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One of President Donald Trump’s claims on the campaign trail was that he’d “drain the swamp” if elected. Whether he kept that promise is up for debate; sure, he selected business tycoons like Rex Tillerson to fill top government positions but also chose people like the wife of Senate Majority Leader Mitch McConnell, Elaine Chao. But now the swamp may be encroaching on another part of America: Mar-a-Lago , Trump’s Florida golf club, where a sinkhole just opened up. Obviously, the Internet didn’t pass up on the opportunity to dish out puns. Yesterday the town of Palm Beach, Florida – where Mar-a-Lago is located – posted a traffic alert about the sinkhole on their website. “A four feet by four feet sinkhole has formed on Southern Boulevard directly in front of Mar-a-Lago,” the notice reads. “It appears to be in the vicinity of the newly installed water main. West Palm Beach utilities distribution crews have secured the area and will most likely need to do some exploratory excavation today. One lane is closed but the road remains open. Please pay attention to signs.” Related: Trump saved a toxic pesticide – and then it poisoned a bunch of farmworkers Naturally this was just too easy for Twitter . Some saw the sinkhole as a sign from God – whether Republicans would listen was another matter. Sinkhole opens next to Mar-a-Lago in obvious sign from increasingly irritated God https://t.co/IBicOjX698 pic.twitter.com/IhlzTpTU8K — Jezebel (@Jezebel) May 22, 2017 "Give us a sign, God."[sinkhole appears in front of Mar-A-Lago]"Hm, can't be sure that's anything." https://t.co/oTrfQkYBxR — Full Frontal (@FullFrontalSamB) May 22, 2017 Some people wondered if the sinkhole had anything to do with the illuminated orb Trump was pictured touching in Saudi Arabia. Actions have consequences, people. pic.twitter.com/r0LOrGBldy — Slade Sohmer (@Slade) May 22, 2017 The #sinkhole at Mar-a-Lago is absolutely NOT an ancient evil escaping its glided cage after being released by The Orb. No siree. — Rogue Illuminati (@RogueIlluminati) May 23, 2017 Others thought perhaps the sinkhole had been mistakenly termed… My working theory: It’s a hellmouth, not a sinkhole. — Jeff LaMarche (@jeff_lamarche) May 22, 2017 Sean Spicer wants to make it very clear there is NOT a sinkhole in front of Mar-A-Lago… It is a Florida Swamp Center. — Tony Posnanski (@tonyposnanski) May 22, 2017 Some Twitter users actually began to cheer for the sinkhole. rare heroic sinkhole ? https://t.co/i2i1I287vv — AS ? (@Alschapel) May 22, 2017 @townpalmbeach @Fahrenthold Has anyone ever rooted for a sinkhole before? — chuckyou2 (@chuckyoutwo) May 22, 2017 And as the metaphors left everyone’s heads spinning about the mysterious origins of the clearly supernatural sinkhole, former The Onion writer Dennis DiClaudio stepped in to make one thing clear: Hate to be pedantic, but the Mar-a-lago sinkhole isn't *technically* a metaphor, because metaphors aren't *that* obvious. — Dennis DiClaudio (@dennisdiclaudio) May 22, 2017 After Palm Beach has dealt with the sinkhole, we think Washington, D.C. could use a little “exploratory excavation” as well. Via The Washington Post Images via screenshot and screenshot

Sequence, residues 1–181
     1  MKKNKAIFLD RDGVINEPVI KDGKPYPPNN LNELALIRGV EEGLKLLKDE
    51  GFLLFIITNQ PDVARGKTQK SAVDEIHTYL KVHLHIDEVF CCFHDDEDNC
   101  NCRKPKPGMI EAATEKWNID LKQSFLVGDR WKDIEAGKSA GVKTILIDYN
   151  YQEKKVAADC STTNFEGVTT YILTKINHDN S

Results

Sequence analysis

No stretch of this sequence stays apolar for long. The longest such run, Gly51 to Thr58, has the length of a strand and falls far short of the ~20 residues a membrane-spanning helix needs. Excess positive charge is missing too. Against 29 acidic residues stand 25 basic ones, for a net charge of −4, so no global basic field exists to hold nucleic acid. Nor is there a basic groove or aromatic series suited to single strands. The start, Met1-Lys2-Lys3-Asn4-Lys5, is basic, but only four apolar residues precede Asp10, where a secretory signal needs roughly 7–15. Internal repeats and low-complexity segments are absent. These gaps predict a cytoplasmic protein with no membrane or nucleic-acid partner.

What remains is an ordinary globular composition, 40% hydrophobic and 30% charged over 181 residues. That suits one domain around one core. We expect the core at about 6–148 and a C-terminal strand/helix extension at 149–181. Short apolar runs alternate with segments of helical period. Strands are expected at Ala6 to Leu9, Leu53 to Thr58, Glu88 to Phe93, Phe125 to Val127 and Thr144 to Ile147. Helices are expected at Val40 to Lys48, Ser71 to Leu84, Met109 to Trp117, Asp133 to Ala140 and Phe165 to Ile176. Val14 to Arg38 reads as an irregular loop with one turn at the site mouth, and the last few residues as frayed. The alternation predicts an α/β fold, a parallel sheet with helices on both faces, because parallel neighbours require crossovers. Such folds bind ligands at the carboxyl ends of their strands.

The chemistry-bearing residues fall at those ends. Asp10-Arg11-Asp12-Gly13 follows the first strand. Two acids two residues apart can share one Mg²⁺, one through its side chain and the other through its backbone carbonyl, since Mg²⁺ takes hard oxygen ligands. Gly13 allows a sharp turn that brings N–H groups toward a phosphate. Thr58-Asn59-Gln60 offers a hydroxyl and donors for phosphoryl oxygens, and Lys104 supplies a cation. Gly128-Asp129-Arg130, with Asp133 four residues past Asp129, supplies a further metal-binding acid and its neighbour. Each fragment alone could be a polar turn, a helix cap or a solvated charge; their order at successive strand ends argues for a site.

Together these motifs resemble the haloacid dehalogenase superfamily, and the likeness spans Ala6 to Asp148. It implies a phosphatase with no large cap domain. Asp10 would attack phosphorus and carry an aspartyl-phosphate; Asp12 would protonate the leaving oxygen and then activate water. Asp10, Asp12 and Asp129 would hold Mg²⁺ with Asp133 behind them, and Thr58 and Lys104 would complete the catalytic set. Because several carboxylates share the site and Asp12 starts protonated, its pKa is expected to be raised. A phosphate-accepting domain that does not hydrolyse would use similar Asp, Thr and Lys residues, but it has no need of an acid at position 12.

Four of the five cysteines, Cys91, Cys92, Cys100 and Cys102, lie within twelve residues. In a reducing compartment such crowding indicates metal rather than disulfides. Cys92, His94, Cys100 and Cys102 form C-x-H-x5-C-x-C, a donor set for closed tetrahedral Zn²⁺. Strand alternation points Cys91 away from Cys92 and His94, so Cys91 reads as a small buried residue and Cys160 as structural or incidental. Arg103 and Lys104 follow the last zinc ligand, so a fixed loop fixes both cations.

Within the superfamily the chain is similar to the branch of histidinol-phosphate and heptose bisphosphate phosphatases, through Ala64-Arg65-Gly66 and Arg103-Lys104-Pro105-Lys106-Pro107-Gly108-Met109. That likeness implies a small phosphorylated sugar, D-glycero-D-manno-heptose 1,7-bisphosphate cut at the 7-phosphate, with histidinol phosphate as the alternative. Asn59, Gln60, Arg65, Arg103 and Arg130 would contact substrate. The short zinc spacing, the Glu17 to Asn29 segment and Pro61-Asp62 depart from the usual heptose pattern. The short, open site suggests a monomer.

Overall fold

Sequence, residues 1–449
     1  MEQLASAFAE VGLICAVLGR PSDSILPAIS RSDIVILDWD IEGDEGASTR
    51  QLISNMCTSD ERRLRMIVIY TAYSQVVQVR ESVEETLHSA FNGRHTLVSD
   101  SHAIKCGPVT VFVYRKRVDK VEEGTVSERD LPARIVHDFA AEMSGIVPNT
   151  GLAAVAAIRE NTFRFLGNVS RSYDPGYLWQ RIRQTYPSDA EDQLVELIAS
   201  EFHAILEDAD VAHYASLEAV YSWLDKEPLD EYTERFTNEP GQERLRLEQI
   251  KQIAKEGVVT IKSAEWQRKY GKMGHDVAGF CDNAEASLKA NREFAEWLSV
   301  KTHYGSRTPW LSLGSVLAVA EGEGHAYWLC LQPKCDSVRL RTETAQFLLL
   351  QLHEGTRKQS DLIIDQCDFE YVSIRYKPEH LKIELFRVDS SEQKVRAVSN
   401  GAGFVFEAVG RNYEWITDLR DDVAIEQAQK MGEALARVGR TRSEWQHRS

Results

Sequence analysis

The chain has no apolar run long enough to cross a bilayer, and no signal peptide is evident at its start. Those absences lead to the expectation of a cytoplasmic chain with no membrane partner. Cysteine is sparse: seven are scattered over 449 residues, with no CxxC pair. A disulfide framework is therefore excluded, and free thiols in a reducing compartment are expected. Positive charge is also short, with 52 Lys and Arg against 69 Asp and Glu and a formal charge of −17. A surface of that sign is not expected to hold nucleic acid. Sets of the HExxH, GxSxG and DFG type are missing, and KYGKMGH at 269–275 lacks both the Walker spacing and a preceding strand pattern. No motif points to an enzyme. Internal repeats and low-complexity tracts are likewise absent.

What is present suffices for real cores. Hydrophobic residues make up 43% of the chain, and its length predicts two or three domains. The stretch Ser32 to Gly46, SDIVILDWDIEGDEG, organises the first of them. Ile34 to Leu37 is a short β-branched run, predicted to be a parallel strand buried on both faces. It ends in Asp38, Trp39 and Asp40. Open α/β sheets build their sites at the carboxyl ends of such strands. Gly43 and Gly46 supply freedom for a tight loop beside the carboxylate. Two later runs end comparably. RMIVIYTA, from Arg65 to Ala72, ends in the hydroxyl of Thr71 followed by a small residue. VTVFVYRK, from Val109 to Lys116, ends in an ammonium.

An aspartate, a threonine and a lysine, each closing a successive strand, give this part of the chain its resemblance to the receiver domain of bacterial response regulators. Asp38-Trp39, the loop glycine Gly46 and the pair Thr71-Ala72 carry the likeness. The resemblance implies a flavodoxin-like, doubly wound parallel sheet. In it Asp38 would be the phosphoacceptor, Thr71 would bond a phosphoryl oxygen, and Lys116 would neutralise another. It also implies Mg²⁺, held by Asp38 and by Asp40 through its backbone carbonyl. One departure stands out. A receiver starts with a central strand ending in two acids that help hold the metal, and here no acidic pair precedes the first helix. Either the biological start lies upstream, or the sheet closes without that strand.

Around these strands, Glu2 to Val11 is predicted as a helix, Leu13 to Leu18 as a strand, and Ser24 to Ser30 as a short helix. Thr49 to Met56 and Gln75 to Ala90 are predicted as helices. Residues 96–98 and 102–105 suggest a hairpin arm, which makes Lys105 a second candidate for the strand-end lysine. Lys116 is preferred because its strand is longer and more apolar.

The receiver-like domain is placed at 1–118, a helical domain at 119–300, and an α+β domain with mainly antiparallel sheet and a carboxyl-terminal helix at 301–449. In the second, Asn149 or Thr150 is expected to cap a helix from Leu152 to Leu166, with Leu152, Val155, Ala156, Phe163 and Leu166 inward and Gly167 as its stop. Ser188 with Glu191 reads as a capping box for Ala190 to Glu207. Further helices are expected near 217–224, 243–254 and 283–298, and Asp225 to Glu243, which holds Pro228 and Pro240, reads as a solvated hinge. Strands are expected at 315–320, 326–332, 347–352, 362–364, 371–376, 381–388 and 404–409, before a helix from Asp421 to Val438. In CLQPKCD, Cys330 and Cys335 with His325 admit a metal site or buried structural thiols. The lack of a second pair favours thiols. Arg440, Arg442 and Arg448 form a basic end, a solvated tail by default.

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Giant sinkhole opens up in front of Trump’s Mar-a-Lago resort

Bio-friendly energy storage device draws electrical power from the human body

May 23, 2017 by